Swedish retail chain Sneakersnstuff recently inaugurated its new Tokyo shop. This seventh store adds to the other existing locations in Stockholm, London, Berlin, Paris, New York and Los Angeles.
Founders and owners Peter Jansson and Erik Fagerlind explained what this new store means to them, what they expect from the future for their business and evolution of sportswear and streetwear.
You started operating by opening your first online store in 1999. What is this business like after 20 years and seven stores opened worldwide?
Our online business is still very important. We are about storytelling and building a vibe. We tend to over invest in that in the physical world, using the digital world to amplify the message.
How have the consumer and the market changed?
It’s a whole new thing. In 1999 there were no Nike Sportswear, no Adidas Originals and similar additional collections and projects. Our first plan was to sell athletic footwear based on looks rather than function. Today, this is a whole new ballgame. The leisurefication of the world has also helped our movement.
You continue to run both brick-and-mortar stores and your e-commerce platform. How important is e-commerce for you?
It depends on how fast we can open stores–and how much we want to force people to our stores vs letting them buy online. So we sell 80% online and 20% through brick-and-mortar stores. But it is not like online is this magical random space. It is physical people who rather want to buy online than go to a store. We have found that our online business goes up in a city when we open.
Are you also working as consultant for some of the big sneaker and sports brands?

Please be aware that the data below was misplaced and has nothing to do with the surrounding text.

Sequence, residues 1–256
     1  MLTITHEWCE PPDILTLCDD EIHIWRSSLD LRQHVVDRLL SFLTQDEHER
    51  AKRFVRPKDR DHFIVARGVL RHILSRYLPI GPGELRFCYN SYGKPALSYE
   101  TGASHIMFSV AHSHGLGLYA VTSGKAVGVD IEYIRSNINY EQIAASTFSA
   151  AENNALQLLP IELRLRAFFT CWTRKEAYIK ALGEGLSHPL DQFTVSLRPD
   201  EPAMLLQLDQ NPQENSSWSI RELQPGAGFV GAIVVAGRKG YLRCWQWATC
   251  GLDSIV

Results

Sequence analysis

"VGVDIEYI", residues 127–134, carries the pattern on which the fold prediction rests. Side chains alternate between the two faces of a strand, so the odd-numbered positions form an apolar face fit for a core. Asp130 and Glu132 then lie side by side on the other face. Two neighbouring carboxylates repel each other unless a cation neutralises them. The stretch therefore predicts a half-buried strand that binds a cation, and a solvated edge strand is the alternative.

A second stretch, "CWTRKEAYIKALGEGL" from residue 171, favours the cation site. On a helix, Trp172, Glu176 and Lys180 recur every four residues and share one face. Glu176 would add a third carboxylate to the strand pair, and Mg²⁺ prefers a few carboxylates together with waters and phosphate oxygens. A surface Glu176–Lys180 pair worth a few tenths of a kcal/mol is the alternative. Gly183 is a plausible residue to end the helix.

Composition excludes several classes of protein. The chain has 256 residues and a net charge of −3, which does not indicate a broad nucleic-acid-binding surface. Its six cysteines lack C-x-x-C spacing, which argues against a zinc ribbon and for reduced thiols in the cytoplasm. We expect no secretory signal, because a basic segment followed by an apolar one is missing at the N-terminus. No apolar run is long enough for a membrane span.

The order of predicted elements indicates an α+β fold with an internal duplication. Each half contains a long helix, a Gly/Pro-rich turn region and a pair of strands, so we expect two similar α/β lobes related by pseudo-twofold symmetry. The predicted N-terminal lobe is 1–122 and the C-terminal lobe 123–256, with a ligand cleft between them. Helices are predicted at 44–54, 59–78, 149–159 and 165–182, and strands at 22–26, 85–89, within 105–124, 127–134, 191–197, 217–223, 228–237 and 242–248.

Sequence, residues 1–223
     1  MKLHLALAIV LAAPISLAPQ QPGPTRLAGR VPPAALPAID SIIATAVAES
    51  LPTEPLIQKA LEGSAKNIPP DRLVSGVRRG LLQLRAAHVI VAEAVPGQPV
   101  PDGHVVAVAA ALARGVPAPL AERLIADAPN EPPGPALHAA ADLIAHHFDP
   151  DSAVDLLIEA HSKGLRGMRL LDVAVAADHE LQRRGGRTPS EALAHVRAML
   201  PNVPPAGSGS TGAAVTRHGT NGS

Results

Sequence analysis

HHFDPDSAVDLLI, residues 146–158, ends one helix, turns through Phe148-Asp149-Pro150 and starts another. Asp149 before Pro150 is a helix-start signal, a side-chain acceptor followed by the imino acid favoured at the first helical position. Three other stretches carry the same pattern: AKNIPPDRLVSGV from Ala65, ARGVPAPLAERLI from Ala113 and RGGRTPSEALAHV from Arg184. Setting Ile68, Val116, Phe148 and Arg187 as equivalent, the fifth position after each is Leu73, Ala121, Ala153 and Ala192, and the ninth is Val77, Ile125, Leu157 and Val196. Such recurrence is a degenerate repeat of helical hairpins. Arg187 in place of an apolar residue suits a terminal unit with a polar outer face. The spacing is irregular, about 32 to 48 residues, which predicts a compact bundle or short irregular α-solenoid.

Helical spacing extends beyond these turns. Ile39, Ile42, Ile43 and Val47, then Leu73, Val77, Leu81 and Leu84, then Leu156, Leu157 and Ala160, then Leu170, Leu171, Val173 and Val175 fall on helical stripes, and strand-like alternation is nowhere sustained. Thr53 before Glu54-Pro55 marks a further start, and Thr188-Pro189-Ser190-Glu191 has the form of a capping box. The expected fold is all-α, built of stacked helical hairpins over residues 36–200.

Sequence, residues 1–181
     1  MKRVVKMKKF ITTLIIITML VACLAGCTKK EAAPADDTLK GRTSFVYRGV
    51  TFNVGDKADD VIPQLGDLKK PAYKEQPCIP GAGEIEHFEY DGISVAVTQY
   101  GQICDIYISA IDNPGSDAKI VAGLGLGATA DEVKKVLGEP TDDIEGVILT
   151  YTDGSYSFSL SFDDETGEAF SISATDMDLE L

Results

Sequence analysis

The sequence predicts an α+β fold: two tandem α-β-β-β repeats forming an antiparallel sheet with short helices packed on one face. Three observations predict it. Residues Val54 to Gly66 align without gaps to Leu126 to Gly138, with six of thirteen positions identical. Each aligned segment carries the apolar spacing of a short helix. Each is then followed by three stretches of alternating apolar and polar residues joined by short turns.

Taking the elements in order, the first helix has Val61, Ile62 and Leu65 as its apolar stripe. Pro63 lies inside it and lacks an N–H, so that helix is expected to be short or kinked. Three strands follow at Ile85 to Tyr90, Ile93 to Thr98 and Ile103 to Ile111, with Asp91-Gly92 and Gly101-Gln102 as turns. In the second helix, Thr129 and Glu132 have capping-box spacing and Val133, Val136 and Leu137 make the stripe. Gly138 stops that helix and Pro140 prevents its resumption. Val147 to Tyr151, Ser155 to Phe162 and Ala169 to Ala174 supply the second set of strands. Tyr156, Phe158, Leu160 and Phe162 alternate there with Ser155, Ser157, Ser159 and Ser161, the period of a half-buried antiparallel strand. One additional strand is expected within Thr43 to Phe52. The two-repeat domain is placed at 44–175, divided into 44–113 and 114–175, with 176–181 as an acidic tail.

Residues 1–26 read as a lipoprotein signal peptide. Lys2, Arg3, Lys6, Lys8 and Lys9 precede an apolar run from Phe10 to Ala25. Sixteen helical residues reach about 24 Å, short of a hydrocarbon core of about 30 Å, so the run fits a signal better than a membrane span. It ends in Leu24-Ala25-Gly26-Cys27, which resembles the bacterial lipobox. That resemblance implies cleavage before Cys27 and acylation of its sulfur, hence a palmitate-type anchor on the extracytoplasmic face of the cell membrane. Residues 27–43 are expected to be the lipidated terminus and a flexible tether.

Do you also offer special edition models? How important is the exclusive collaboration and capsule collection part for your business?
There are levels to exclusive of course. Sometimes it’s a collection you can only find at SNS, sometimes we share that collection with 10-20 other retailers around the world. We validate the brands that we work with–and there are not many ways better to do that for us than to creatively work on special collections together.
No. We share insights with them, and they with us, but not as a consultant job.
Do you sell more sneakers or apparel?
We sell around 80% sneakers.
Can you speak of your newly opened Tokyo store? What characterizes it?
Stores express our interpretation of the city where we open. We want to be a part of where we open–so it is important for us to dig deep into each city. Our store in Tokyo is actually three buildings. One represents the rich history and heritage of Japan. One represents the futuristic side of Tokyo. And one building is a cafe/restaurant.
Where will you open next?
We want to open in cities that inspire us. Not decided where just yet but Seoul, Barcelona, Milan, Chicago, Miami, Toronto, Houston and Hong Kong are all on that list.
Are there any new projects you will focus on in the future? Can you explain any of them?
We tend to get ourselves into unchartered waters. We have a bar in NYC, a restaurant in Tokyo –about to open a nightclub in Berlin and working on a few more projects we are not ready to share yet. On top of that, we really want to focus on our creative sides to let that shine through for 2020.
What do you see in the future of the sneaker, streetwear and sportswear markets?
The hype part is still growing. Resell values will go down–but only because supply goes up. But it is also interesting to see how local the trends can be on the level beneath global hype. One thing is for sure–just making great product is no longer enough, you have to add reason for being and storytelling. And that is exactly what we love doing.